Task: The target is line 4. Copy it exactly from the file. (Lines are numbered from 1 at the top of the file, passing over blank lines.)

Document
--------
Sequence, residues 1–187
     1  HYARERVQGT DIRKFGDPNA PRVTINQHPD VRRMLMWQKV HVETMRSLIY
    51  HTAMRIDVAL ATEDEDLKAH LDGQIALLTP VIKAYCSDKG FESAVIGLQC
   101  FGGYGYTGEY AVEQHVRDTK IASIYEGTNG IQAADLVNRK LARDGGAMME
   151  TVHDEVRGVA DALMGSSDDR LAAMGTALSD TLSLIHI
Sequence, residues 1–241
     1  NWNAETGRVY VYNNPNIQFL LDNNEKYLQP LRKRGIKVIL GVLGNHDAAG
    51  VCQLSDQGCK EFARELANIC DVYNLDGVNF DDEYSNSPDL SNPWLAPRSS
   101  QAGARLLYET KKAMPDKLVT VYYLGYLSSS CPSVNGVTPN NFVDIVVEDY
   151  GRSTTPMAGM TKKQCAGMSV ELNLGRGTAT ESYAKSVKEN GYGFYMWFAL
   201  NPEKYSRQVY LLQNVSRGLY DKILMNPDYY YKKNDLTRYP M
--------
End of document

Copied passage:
   101  FGGYGYTGEY AVEQHVRDTK IASIYEGTNG IQAADLVNRK LARDGGAMME